What could have been a sprawling work is usefully contained in a chamber opera format configured sensibly not to compete with the novel. María Luisa Manchado’s score seeks to highlight the dissonance of a woman increasingly frustrated by the small-town gossip of Vetusta’s supposed great and good with a libretto from Amelia Valcárcel that posits the naïve Ana as an outsider in a town that expects everyone to tow the line. At the piece’s opening, a woman sits at the back of the stage in a petticoat, crying and clawing, clinging to the back wall and unable to pick herself up from the floor. The context has been set – Ana has been abandoned and rejected – what follows tells the audience how and why.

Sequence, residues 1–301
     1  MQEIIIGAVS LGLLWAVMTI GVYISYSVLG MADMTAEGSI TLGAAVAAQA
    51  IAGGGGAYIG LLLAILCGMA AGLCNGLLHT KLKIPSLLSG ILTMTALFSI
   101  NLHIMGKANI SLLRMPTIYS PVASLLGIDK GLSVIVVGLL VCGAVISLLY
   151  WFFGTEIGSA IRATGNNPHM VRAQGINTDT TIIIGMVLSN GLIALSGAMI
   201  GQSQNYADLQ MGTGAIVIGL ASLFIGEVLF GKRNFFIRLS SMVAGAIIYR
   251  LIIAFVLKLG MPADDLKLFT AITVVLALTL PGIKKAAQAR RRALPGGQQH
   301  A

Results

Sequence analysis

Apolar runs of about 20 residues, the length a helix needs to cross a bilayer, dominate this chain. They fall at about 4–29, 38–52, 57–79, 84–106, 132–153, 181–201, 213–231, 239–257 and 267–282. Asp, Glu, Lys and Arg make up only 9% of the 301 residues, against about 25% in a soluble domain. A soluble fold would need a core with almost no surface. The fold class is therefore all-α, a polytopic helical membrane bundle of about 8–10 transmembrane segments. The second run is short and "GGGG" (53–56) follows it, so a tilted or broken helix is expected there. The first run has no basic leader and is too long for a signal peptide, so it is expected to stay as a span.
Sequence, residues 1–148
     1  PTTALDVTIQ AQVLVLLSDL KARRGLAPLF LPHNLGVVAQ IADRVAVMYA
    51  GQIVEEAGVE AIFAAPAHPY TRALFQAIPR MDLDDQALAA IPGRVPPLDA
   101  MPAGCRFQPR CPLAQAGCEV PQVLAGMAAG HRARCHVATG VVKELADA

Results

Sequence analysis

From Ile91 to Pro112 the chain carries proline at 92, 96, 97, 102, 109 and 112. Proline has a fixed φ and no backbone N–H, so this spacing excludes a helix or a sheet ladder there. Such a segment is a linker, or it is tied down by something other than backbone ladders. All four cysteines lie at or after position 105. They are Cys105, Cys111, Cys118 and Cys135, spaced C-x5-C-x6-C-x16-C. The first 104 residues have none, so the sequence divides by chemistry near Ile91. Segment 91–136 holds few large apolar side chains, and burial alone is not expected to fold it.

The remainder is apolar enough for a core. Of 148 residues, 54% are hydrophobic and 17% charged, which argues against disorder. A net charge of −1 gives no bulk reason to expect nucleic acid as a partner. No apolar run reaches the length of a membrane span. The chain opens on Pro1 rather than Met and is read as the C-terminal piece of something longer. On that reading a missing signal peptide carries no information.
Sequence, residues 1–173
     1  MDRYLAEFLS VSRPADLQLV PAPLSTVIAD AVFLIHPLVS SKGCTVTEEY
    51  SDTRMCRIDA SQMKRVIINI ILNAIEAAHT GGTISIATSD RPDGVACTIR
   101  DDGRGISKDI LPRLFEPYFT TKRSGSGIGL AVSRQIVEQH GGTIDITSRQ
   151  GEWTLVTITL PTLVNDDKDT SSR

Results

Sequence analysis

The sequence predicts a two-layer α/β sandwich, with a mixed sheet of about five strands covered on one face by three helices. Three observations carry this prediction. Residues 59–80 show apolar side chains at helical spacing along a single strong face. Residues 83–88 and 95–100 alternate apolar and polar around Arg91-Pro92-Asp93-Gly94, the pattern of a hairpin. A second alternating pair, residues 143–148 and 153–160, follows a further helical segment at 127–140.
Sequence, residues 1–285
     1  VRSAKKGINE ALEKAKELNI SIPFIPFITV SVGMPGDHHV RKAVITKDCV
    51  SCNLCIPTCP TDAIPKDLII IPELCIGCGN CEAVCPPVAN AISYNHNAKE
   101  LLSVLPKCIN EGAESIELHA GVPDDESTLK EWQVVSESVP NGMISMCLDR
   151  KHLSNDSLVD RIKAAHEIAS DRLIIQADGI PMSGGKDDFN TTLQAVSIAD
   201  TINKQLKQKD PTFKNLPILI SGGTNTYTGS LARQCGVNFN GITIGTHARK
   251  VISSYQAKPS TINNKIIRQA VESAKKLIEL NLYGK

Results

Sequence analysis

Urs Schönebaum’s sparse but effective set is a black box with a high balcony evoking separation between Ana and the community that seeks to manipulate her, as well as a pit or arena in which that same community can gleefully and voyeuristically observe the abuses perpetrated upon her. A sole chaise longue functions as the room’s only décor – an image of languor and social status for the Magistrate’s wife. María Miro’s mannequin-like Ana is always in that public arena, inside a vacuous doll’s house where she is often aggressively dressed like a doll by two maids. Her dresses — costumes are designed by Clara Peluffo — are tellingly those prepared for cut out paper dolls with the flaps to fold her into place still painfully visible. Ana is there to be manipulated and acted on, a passive presence, unengaged and separate who wants to please but finds herself unable to read the wider machinations going on around her. Vetusta’s “respectable” society stand on the balcony above her, always looking down at her, always observing her every move. The community which takes such pleasure from her plight are a motley crew, dressed in outfits from the seventeenth to the mid twentieth century, the production seems to be suggesting that not much has changed for the town’s inhabitants across three centuries. They work as a pack, pulling out umbrellas to give them height and at times to further distance themselves from Ana. The canon, his mother, and the womanising Álvaro all emerge from the balcony – all part of the society from which Ana can’t escape. They can walk away, Ana cannot.